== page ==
Alex Rodriguez was watching the Nathan’s Hot Dog Eating contest on July 4 when it dawned on him that Major League Baseball was missing a major opportunity.
The NFL owns Thanksgiving. For years, the NBA has had a stranglehold on Christmas — though the NFL has taken a sizable bite out of that apple too. College Football has New Year’s Day.
A-Rod, speaking to The Post on Saturday morning over coffee at the Four Seasons in St. Louis where he called the Cardinals-Phillies Wild Card series with Michael Kay for ESPN, laid out his plan.
“You feed all your national partners — ESPN/ABC, Fox, TBS — and feed them with four national games,” he said. “They have to be huge, dynamic matchups. You can’t set the date two years ahead of time. You have to be able to get the greatest matchup.”
Whereas the NFL and NBA wait not just until their season ends but until after free agency and the draft to schedule their upcoming seasons, MLB announced next year’s schedule — in August.
A-Rod is of the belief that this way of doing things leaves commerce on the table.
“As an example, when [Albert] Pujols left the Cardinals, I thought it was a missed opportunity that it took eight years to get him back to St. Louis. You have to be able to dynamically flip that schedule,” he said.
He pointed out that the league should want championship rematches or other key matchups centered around times like Opening Day, July 4, London and Field of Dreams.
“If the Dodgers play the Yankees in the World Series, maybe that’s how you open the season or program July 4. Be really strategic on it. Create these heavyweight battles,” he continued.
“Baseball has so many great battles, but if you set up the trip to London two years ahead of time, and those teams end up going south … you should have the opportunity of being dynamic. You look at Field of Dreams this year. Cubs-Reds many years would be great! It might be great in two years. It wasn’t great this year.”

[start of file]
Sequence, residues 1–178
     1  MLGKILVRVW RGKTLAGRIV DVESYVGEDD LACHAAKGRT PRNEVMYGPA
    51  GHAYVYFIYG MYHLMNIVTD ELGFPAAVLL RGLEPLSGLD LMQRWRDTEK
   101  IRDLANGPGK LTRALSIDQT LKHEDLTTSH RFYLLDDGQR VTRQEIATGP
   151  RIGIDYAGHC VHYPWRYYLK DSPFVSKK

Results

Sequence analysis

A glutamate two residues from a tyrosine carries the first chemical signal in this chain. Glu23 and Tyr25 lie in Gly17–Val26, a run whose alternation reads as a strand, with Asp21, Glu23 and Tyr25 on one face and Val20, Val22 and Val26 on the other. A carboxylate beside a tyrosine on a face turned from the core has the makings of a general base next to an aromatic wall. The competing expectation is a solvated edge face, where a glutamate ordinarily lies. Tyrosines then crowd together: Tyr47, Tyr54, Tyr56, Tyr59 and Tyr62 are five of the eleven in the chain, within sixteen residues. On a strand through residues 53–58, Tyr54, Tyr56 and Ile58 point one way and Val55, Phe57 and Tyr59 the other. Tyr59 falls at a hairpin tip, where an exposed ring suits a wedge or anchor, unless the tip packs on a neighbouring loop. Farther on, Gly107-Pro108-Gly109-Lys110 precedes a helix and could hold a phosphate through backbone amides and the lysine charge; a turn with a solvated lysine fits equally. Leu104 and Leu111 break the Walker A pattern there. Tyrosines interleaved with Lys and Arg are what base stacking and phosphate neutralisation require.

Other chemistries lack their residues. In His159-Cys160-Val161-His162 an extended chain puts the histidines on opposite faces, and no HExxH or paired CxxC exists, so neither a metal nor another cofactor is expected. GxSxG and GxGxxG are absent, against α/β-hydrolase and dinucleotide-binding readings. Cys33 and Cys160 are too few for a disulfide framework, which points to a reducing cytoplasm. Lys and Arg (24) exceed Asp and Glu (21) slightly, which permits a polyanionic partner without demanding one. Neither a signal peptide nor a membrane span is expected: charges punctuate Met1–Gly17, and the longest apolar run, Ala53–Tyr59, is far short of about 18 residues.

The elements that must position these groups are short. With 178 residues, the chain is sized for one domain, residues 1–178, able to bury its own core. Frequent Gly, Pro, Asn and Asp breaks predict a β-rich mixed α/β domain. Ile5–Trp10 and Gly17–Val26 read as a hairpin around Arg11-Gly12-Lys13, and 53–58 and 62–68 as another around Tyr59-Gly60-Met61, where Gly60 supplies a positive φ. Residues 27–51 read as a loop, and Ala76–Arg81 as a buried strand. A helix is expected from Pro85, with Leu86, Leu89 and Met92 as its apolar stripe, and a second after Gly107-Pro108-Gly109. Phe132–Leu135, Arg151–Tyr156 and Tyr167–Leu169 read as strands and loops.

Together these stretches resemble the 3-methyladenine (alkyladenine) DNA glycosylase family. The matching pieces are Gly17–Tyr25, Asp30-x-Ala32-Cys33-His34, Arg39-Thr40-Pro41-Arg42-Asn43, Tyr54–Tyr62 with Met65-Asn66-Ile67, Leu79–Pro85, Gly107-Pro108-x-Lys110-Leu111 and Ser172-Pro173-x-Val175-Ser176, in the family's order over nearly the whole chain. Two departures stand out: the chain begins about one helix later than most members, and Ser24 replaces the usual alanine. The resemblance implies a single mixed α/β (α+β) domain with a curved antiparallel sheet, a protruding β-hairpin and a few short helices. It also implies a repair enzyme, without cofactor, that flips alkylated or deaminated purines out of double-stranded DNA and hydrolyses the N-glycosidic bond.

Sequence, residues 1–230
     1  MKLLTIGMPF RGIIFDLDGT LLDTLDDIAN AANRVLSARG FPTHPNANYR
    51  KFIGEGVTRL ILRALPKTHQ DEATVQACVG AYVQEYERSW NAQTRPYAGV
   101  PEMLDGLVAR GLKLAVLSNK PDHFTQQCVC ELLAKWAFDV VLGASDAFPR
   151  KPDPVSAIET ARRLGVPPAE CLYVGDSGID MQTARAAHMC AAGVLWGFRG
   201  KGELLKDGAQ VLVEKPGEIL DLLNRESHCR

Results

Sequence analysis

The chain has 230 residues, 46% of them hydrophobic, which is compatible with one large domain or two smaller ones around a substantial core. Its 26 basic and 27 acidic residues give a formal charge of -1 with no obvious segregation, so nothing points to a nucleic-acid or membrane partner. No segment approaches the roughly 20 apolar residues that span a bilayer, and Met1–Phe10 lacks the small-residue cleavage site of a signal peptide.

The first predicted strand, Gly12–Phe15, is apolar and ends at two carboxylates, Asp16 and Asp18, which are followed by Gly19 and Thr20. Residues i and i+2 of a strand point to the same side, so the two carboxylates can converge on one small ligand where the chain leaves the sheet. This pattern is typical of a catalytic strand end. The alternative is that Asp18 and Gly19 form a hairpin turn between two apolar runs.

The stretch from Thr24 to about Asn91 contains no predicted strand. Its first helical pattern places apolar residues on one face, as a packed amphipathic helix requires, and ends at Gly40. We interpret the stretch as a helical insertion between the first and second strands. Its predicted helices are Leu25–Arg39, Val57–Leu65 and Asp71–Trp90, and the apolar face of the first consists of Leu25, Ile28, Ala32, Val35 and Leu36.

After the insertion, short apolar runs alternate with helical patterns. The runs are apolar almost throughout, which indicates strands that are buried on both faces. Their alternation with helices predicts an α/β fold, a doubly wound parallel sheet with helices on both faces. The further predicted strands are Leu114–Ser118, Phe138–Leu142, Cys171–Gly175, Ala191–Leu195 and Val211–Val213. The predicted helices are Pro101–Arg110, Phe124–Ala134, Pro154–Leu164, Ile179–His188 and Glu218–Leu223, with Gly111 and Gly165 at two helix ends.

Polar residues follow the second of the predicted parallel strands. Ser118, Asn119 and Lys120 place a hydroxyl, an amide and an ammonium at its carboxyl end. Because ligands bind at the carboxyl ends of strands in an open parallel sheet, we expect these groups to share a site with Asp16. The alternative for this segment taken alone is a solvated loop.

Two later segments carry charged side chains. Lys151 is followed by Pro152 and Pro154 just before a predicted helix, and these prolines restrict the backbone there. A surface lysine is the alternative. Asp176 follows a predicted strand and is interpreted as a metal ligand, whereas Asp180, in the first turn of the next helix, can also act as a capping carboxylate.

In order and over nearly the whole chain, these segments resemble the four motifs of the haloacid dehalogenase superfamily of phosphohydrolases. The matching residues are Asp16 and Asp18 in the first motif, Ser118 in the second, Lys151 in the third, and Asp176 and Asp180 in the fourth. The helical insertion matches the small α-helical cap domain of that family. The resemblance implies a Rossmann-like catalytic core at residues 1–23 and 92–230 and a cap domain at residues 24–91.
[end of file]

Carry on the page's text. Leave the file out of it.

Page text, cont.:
MLB is taking steps where marquee matchups should be more frequent. Beginning next season, every team will have at least one series against every other team in the league per year.
With 162 games in the regular season, baseball has tricky logistical issues to work around. First, there’s the travel. Further, big concert acts like Metallica, Lady Gaga and a list of several dozen others play baseball stadiums on their summer tours, which are planned up to a year in advance.
Nevertheless, A-Rod would like MLB to be more nimble with these hurdles.
“You can probably set like 50-60 percent of the schedule early, but leave yourself some time to be dynamic. For example, if you go to London next year, why not go with our very best? It doesn’t always have to be the Yankees or Dodgers. There are other great matchups where you can put your best foot forward all the time,” he said.
“Having the flexibility as an organization to always lead with your best — July 4 is the easiest low-hanging fruit that the networks would want. There’s no NBA. No NFL. No soccer. Back to Pujols — if you send his team to play in St. Louis the year after he signs, it’s three guaranteed sellouts. But if you wait eight years … [you’ve missed an easy opportunity]. If your goal is to grow the game and bring popularity to it, you have to make it a priority.”
What follows is a Q&A — encompassing sports media, real estate and various silly questions — that has been edited for clarity.
The Post: You had your first year with Kay-Rod this season and worked the Cardinals-Phillies series with him. What was it like to work with him after knowing him for so long?
It’s been awesome. I love Michael. It’s funny, we did a great game on Friday, and I did not feel that I was working. First of all, Michael and I text each other 52 weeks out of the year, right? We’re always in communication. I’m a huge fan of his. We’re good friends. There’s a lot of trust and chemistry there.
I think you see that in our work. To me, it’s almost as if we’re at a bar, having a beer, talking about the game that we love.
What’s your first memory of him?
I just always remember him being a superstar. One in a million. Just thinking about even the early days, when he made the transition from writer to radio, from radio to TV.